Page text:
The UN's Organization for the Prohibition of Chemical Weapons (OPCW) has completed its inspection work in Syria on time, and without any major hitch. All production facilities for chemical weapons have been destroyed. The US and its allies are satisfied that the chemical weapons Syria was believed to have possessed have been accounted for.
Now all that is left is to destroy the chemical weapons, which include filled munitions and bulk storage of agents.
Syria's government asked that this material be taken outside Syria and destroyed. Norway agreed to use its ships to remove the items. Albania was expected to perform the destruction, but major protests against the destruction ensued. Today it reneged on the deal.
Albania!? Well, it did declare and destroy its own CW stockpile, years back. Thousands of Albanian protesters and Albania's new leader caving to them was a sudden, big surprise.
From Fox, AP and Reuters:
... "We don't have the infrastructure here to deal with the chemical weapons. We can't deal with our own stuff, let alone Syrian weapons," said 19-year-old architecture student Maria Pesha, echoing the fears of many residents. "We have no duty to obey anyone on this, NATO or the U.S."
Any destruction of Syria's weapons, wherever it happens, will be overseen by experts from the Hague-based OPCW, which won the Nobel Peace Prize this year for its efforts to eradicate poison gas and nerve agents around the world.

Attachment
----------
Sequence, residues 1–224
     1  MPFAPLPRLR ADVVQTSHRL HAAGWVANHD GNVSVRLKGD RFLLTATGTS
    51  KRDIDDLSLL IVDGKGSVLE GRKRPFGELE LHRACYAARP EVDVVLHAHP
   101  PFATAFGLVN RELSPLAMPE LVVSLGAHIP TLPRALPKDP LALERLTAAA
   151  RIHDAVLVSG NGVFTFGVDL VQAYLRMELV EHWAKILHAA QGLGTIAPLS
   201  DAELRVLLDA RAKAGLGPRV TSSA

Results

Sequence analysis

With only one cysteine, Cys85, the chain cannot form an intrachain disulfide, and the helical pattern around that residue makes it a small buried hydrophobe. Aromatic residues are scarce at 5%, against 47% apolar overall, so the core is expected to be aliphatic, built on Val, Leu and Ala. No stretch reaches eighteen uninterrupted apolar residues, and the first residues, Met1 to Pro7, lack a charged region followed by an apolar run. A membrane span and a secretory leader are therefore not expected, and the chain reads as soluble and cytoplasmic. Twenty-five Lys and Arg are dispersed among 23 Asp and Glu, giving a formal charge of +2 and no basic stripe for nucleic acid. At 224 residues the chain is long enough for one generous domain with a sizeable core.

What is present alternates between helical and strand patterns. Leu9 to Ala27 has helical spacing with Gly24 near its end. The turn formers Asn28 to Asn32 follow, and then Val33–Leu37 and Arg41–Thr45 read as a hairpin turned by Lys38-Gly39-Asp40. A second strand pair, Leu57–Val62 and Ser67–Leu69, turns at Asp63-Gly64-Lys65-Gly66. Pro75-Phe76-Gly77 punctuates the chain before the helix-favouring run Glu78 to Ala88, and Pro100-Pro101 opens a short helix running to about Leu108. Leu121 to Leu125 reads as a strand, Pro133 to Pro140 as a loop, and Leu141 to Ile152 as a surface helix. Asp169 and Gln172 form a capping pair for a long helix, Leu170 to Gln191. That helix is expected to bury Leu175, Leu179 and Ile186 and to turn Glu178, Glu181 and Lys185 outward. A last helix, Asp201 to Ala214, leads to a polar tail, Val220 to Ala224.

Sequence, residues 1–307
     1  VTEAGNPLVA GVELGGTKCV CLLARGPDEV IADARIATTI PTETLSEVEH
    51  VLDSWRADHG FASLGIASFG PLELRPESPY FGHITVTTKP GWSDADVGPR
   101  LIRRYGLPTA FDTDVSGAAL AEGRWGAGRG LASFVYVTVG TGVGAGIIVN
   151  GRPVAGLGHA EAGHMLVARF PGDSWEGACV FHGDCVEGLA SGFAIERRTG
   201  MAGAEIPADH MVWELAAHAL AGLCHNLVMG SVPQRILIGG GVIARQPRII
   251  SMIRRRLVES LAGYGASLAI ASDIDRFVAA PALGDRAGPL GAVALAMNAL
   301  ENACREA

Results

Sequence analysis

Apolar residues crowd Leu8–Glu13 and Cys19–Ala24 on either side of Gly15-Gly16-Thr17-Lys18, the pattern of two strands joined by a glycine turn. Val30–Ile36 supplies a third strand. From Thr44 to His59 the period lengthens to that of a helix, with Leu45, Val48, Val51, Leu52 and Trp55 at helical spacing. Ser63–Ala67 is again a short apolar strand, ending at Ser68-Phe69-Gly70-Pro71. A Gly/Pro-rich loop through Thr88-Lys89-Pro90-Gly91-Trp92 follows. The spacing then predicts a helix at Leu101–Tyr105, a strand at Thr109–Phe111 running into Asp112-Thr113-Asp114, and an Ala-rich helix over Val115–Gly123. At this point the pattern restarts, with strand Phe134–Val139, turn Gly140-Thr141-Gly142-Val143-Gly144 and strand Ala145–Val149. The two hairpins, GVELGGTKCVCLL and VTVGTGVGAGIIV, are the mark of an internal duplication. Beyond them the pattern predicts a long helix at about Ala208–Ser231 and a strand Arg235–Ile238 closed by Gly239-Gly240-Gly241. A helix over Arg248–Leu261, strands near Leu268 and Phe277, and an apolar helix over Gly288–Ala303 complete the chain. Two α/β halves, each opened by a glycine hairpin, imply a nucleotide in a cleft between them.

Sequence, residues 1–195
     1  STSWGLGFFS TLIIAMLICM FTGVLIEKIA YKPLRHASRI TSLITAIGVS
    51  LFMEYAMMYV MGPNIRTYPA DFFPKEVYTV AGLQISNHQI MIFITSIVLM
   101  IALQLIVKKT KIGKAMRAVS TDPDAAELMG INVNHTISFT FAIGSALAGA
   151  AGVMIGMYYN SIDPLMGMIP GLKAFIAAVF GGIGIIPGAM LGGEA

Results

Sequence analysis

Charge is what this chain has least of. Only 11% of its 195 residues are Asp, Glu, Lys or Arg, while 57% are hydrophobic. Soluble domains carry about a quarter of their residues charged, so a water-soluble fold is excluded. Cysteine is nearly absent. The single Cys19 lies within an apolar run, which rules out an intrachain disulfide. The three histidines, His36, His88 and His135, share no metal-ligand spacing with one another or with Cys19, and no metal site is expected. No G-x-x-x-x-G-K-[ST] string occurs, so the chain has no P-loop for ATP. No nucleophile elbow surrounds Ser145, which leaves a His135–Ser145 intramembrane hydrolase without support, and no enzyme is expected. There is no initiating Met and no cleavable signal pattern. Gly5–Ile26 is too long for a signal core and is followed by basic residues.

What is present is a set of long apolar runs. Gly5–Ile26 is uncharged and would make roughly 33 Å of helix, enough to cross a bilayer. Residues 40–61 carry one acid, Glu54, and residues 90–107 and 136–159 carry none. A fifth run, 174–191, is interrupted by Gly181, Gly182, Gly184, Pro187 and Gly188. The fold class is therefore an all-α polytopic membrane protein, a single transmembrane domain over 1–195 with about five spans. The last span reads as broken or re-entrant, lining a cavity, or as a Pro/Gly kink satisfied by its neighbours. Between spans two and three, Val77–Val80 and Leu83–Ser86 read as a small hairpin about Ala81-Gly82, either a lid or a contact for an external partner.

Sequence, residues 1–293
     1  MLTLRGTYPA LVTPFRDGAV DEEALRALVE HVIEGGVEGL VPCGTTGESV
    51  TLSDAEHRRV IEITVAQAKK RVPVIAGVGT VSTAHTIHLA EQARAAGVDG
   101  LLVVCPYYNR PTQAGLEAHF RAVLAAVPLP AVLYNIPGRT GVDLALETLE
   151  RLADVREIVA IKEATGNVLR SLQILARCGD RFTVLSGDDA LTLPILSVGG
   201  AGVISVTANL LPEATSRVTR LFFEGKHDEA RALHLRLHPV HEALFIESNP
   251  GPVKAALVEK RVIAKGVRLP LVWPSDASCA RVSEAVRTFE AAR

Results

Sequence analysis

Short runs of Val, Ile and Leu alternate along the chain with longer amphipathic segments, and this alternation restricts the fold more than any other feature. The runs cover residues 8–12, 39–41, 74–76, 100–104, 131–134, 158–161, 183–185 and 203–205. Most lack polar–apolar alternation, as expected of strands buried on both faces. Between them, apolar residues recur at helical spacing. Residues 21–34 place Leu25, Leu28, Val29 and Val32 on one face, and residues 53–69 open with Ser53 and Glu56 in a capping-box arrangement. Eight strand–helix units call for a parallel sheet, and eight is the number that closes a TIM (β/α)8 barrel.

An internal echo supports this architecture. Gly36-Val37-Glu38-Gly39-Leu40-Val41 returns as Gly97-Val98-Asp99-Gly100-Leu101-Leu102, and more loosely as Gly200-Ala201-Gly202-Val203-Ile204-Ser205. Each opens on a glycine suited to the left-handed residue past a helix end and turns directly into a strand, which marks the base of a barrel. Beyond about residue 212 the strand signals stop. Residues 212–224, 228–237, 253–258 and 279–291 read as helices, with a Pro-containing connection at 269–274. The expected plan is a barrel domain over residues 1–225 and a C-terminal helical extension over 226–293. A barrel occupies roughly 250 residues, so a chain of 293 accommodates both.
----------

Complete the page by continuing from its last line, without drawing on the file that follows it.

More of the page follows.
The risky disarmament operation in the midst of a raging civil war started more than a month ago with inspections. Then machinery used to mix chemicals and fill empty munitions was smashed, thereby ending the Syrian government's capability to make new weapons...
A key meeting of the Organization for the Prohibition of Chemical Weapons (OPCW) - the international watchdog supervising the destruction - had adjourned for several hours in The Hague, awaiting Albania's decision.From WaPo:
The mission to destroy Syria’s poison gas stockpile was dealt a serious blow Friday when Albania refused to host the destruction, but the global chemical weapons watchdog said it is still confident it can eradicate the arsenal outside Syria by the middle of next year.The surprise refusal by the small and impoverished Balkan country left open the question of where the Organization for the Prohibition of Chemical Weapons would send Syria’s estimated 1,300-ton arsenal, which includes mustard gas and sarin.